Now, the court martial has collapsed after the presiding judge recused himself stating that none of the remaining three judges are able to preside over the trial. All of this does not bode well for the reputation of the administration of military justice. It is the kind of thing that would likely shake the public’s confidence in the ability of the military prosecution and judiciary to provide the accused a fair process. It begs the question: could any of this have been avoided or done with a better sense of detachment? The short answer is, absolutely because military tribunals are tribunals of exception in criminal matters.

The aborted court martial of Judge Dutil has already laid bare major structural and organizational defects of courts martial as well as major issues concerning the discernment of the military prosecution in deciding to prosecute Judge Dutil before a court martial as well as the independence of the military judiciary. This can only lead to a severe loss of confidence and trust in the fairness of the military justice system. What is certain; the military justice system is not established, controlled and managed in a way that conforms to expected 21st century norms. There is an urgent need for reform."

Court-martial of Chief Judge Mario Dutil comes to a sudden end

Earlier this morning, Canada's Lawyer's Daily reports that the court martial of the Chief Military Judge, Colonel Mario Dutil, has  collapsed after the presiding judge recused himself and stated that the three other military judges currently on the bench are also unable to preside over the case. The trial now stands adjourned and no plea has been made yet on the merits of the four charges. (Four other charges were withdrawn on the first day of the trial on June 10, 2019.)

"The three Code of Service Discipline charges and the single Criminal Code charge of fraud against the judge could arguably be referred to a civilian criminal superior court. But if the prosecution does so, it would amount to a legal about-face since the prosecution justified its initial decision to proceed via court martial - and still insists - that the charges are of a military nature, and that the fraud charge, while a Criminal Code offence, is inextricably intertwined with the Code of Service Discipline charges."

Will this Marine be punished twice?

Associate Justice
Neil Gorsuch
Yesterday the Supreme Court ruled (7-2) in Gamble v. United States that the longstanding dual sovereignty doctrine remains good law and that there can be both state and federal prosecutions for the same offense, notwithstanding the double jeopardy clause. (Read the opinions -- totally fascinating. Justice Neil Gorsuch's dissent is well done and shows common sense.)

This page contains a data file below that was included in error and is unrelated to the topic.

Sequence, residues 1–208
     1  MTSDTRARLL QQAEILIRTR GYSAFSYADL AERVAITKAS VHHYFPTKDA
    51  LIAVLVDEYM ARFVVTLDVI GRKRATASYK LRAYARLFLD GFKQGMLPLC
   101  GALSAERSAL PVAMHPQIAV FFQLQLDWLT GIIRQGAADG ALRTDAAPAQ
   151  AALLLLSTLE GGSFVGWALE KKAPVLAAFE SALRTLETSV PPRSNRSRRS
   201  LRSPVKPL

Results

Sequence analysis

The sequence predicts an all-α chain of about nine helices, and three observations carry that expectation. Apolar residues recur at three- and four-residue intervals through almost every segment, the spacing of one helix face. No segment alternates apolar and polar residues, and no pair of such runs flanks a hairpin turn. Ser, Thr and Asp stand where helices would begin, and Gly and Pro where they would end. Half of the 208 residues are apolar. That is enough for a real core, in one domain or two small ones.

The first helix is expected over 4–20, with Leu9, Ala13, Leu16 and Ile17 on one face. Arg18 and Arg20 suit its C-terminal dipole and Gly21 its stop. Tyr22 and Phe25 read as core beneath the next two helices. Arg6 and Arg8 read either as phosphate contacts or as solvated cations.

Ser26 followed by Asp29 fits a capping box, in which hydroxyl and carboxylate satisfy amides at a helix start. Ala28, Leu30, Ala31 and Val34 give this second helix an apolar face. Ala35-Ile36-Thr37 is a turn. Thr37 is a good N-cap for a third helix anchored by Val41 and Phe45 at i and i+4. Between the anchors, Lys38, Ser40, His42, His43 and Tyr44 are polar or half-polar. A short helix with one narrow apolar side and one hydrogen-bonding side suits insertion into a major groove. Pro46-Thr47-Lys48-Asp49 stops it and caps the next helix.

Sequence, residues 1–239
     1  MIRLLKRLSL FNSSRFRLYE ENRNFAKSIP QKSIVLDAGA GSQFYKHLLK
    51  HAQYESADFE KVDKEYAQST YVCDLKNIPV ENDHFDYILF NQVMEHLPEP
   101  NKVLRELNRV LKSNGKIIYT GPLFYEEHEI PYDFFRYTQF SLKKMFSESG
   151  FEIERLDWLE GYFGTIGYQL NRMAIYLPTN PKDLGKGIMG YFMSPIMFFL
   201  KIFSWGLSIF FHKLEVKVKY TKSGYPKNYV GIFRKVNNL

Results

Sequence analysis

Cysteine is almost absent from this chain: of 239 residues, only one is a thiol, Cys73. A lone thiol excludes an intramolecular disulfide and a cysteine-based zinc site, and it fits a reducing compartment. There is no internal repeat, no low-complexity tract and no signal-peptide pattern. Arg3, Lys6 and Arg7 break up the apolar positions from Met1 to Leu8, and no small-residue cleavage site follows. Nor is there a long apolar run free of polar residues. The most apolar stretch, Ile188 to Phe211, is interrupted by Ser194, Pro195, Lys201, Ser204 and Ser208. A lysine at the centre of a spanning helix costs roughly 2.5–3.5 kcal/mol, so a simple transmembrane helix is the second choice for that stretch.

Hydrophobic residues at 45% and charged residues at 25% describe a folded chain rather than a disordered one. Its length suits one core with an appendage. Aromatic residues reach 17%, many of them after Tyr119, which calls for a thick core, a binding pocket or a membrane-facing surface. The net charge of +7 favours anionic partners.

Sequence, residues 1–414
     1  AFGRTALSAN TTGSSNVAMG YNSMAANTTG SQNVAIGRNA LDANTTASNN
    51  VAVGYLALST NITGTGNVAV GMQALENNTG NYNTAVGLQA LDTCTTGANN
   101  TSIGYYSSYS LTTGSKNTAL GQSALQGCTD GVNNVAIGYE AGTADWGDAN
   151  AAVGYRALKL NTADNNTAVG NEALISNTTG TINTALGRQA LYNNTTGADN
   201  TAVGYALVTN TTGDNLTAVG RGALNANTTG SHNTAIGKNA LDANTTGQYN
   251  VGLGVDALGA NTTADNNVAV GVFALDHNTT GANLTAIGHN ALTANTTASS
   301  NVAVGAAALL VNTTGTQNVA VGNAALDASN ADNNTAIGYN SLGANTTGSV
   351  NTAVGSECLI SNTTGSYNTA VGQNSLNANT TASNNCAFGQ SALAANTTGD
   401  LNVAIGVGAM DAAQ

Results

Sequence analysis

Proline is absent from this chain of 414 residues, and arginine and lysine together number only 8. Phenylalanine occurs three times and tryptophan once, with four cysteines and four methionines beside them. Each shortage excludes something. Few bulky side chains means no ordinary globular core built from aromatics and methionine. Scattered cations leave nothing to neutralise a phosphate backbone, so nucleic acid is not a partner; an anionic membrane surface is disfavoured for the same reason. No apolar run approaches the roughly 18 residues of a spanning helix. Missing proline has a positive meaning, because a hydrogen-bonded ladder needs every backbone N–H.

And the Marine Corps announced it was pondering whether to institute military justice proceedings against one of its own who received a suspended jail sentence in state court in an assault case. Honk if you think it will do so.

Sunday, June 16, 2019

Egypt loosens restrictions on military courts to prosecute civilians

Tahrir Square, Cairo.
Photo uploaded to commons by Jonathan Rashad - Flickr 
Egypt, with a troubled recent history of military governance and the use of military force against its own population, recently advanced legislative changes that will ease the ability of military courts to prosecute civilians.

The new legislation is in response to changes made to Egypt's constitution in April. The new laws also position the Egyptian president as the head of an overarching judicial council.

“The redraft states that civilians can be tried before military courts only in cases involving crimes against military installations, in military zones and along borders, involving military equipment, vehicles, weapons, ammunition, documents, secrets, funds and factories,” said Bahaaeddin Abu Shokka, head of the Constitutional and Legislative Affairs Committee of the Egyptian parliament.

While described as a careful limitation on the use of military trials of civilians, the criteria listed above could be employed by creative prosecutors against civil dissidents in a wide variety of circumstances.

Military jurisdiction over civilians is widely condemned as a violation of international human rights law.

Saturday, June 15, 2019

Whisenhunt and public confidence

USA Today has this op-ed by a Naval Academy graduate who reports that her faith in the military justice system has been shattered by the U.S. Army Court of Criminal Appeals' June 3, 2019 decision in United States v. Whisenhunt. It's easy to be dismayed that an appellate court with only a cold record of trial acquitted after a panel convicted and adjudged a lengthy prison sentence after hearing from live witnesses. And the CCA's power is, if not unique in American criminal justice, at least unusual. But . . .

Before having a crisis of confidence in the system or even just in the part of it that gives the CCAs this power, it is incumbent on commentators to explain what they made of the specific reasons given by the Army Court's unanimous decision in Whisenhunt:
We have carefully reviewed the evidence and, taking into consideration that the panel saw and heard the witnesses and we did not, we nevertheless conclude that appellant’s convictions are factually insufficient. At a minimum, affirming these convictions would require us to reach a number of conclusions that are inadequately supported by the evidence.